According to the U.S. Centers for Disease Control and Prevention, the flu virus is now widespread in 30 states and has impacted between 6-7 million people this season.
The flu can be an absolutely miserable time as the classic symptoms of fever, aches and chills can knock a person down for days.
But according to Dr. Susan Rehm, an infectious disease expert at Cleveland Clinic, there are certain risk factors, such as a person’s age, that can make it more likely to develop complications from the flu.
“For children ages 5 and under, the complication rate and the hospitalization rate is higher,” she said. “In fact, last year, 180 died of influenza, and 80 percent of those children had not been vaccinated.”
According to a recent report, less than 25 percent of U.S. adults are aware that having certain chronic health conditions can make a person more likely to develop complications from the flu.
Conditions such as asthma, heart disease, diabetes, kidney or liver disorders and obesity are among some of the most prevalent chronic conditions that can impact a person’s risk for flu complications.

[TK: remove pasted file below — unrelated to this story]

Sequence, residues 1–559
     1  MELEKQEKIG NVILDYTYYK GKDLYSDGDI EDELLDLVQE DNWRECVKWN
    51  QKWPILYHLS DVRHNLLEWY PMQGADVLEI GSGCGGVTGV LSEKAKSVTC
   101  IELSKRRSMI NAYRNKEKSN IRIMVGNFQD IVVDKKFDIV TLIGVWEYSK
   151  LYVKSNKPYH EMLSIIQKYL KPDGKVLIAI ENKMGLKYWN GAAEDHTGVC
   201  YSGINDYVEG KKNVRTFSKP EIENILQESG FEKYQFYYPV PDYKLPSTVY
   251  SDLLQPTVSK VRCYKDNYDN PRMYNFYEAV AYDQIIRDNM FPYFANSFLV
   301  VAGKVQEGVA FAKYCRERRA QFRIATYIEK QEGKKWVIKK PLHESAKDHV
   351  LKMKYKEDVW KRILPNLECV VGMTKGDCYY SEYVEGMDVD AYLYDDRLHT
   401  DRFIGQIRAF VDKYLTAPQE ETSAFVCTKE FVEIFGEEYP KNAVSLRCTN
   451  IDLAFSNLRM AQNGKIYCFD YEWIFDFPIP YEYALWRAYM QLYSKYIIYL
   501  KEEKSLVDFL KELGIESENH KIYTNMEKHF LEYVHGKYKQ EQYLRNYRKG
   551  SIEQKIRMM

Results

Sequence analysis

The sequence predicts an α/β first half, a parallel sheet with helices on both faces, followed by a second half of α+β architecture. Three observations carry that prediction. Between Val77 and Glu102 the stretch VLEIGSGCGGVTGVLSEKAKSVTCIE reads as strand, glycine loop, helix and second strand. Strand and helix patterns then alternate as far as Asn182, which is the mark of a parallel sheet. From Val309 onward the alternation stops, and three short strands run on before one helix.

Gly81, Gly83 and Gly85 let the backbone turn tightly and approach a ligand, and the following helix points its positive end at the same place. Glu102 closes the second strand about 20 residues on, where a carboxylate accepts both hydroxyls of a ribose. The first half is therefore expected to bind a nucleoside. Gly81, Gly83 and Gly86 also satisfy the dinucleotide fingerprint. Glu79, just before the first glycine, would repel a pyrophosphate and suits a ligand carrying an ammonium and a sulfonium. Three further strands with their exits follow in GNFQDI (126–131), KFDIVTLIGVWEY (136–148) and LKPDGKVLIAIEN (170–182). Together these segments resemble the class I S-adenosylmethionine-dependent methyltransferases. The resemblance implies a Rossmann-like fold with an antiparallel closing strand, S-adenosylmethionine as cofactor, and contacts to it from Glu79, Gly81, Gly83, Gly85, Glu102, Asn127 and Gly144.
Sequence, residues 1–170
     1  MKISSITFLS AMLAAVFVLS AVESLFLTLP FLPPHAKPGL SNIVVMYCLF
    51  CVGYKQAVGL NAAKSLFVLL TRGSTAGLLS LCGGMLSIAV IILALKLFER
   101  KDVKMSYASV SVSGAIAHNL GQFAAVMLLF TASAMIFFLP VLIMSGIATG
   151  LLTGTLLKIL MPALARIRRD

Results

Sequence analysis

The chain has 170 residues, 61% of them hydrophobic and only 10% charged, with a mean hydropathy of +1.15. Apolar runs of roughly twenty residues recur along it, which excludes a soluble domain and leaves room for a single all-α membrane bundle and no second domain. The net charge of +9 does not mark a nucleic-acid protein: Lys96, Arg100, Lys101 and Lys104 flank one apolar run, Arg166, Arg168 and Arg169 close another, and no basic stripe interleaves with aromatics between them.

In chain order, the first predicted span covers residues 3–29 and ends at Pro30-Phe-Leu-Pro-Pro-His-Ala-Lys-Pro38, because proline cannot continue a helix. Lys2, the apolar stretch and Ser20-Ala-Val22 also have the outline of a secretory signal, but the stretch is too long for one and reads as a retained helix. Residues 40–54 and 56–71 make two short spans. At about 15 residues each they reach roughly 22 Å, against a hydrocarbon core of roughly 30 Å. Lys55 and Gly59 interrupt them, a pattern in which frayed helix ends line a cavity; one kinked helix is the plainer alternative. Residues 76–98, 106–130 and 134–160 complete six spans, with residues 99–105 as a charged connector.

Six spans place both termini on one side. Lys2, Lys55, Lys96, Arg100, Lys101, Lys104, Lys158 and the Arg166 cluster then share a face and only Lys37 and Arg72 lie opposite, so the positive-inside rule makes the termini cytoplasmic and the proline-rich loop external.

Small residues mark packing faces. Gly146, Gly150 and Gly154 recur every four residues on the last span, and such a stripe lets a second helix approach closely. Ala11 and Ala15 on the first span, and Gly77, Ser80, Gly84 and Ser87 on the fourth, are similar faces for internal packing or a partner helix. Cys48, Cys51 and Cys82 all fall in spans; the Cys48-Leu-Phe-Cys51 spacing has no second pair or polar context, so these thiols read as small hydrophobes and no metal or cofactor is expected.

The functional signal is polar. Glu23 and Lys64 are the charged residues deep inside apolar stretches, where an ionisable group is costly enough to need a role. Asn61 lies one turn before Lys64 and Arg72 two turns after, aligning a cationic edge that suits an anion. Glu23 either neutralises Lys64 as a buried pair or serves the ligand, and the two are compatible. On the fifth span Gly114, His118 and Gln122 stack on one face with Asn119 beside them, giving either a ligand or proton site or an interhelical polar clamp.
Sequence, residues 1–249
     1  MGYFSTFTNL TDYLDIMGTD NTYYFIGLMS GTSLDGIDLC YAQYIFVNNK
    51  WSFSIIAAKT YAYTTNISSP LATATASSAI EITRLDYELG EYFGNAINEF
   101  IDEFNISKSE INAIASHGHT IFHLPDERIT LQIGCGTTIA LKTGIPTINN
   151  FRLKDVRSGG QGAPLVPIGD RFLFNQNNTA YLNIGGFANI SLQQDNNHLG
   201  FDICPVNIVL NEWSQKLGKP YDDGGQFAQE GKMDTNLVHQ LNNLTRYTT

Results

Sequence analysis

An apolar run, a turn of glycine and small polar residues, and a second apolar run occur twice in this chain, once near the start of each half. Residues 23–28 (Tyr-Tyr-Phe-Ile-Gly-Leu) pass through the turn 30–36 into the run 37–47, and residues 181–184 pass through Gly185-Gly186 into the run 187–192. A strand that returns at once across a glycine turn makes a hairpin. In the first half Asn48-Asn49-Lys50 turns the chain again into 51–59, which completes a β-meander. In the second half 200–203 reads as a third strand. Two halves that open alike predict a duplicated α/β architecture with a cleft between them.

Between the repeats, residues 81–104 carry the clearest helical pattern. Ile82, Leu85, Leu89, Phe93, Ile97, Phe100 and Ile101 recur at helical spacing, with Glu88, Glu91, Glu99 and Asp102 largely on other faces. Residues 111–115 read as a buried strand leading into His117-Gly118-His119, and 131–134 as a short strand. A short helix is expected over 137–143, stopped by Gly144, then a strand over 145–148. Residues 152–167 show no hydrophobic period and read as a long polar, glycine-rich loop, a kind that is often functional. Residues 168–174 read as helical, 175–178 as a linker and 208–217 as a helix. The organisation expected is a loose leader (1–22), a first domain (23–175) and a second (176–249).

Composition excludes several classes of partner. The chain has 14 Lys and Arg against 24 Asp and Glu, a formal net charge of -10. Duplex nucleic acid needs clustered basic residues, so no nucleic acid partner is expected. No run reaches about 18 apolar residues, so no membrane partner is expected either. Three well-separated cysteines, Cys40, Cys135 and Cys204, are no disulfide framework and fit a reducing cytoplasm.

Rehm said pregnant women are also at a high risk for complications from the flu, which is why the CDC recommends pregnant women receive a flu vaccination.
She said research shows that having the flu can even increase a person’s risk for heart attack.
One of the most common and dreaded complications from the flu is pneumonia, which is especially dangerous for the very young and the elderly.
“A secondary bacterial infection, pneumonia, is a feared complication of influenza,” said Rehm. “In these cases, people often begin to feel better after their initial illness, and then they develop a fever, shortness of breath, a cough -- different symptoms -- and that is a sign to seek medical attention right away.”
Rehm said the most important thing that we can do to protect ourselves against the flu is to get an annual flu shot. She said even if you have an allergy to egg, you may still be able to get vaccinated, so it’s important to talk to your doctor.